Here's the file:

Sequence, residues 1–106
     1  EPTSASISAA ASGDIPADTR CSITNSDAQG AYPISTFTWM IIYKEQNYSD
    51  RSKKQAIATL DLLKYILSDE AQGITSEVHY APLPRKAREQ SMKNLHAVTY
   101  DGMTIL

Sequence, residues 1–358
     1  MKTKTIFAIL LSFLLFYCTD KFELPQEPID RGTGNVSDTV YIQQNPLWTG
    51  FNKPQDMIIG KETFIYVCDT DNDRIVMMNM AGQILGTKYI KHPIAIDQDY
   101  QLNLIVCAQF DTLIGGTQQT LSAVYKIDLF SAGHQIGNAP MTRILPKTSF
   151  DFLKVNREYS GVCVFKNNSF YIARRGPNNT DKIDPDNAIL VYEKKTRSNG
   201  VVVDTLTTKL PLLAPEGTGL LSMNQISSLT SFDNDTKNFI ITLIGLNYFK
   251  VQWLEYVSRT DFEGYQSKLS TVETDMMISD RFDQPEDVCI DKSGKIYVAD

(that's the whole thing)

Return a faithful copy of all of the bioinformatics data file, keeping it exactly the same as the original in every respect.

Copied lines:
Sequence, residues 1–106
     1  EPTSASISAA ASGDIPADTR CSITNSDAQG AYPISTFTWM IIYKEQNYSD
    51  RSKKQAIATL DLLKYILSDE AQGITSEVHY APLPRKAREQ SMKNLHAVTY
   101  DGMTIL

Sequence, residues 1–358
     1  MKTKTIFAIL LSFLLFYCTD KFELPQEPID RGTGNVSDTV YIQQNPLWTG
    51  FNKPQDMIIG KETFIYVCDT DNDRIVMMNM AGQILGTKYI KHPIAIDQDY
   101  QLNLIVCAQF DTLIGGTQQT LSAVYKIDLF SAGHQIGNAP MTRILPKTSF
   151  DFLKVNREYS GVCVFKNNSF YIARRGPNNT DKIDPDNAIL VYEKKTRSNG
   201  VVVDTLTTKL PLLAPEGTGL LSMNQISSLT SFDNDTKNFI ITLIGLNYFK
   251  VQWLEYVSRT DFEGYQSKLS TVETDMMISD RFDQPEDVCI DKSGKIYVAD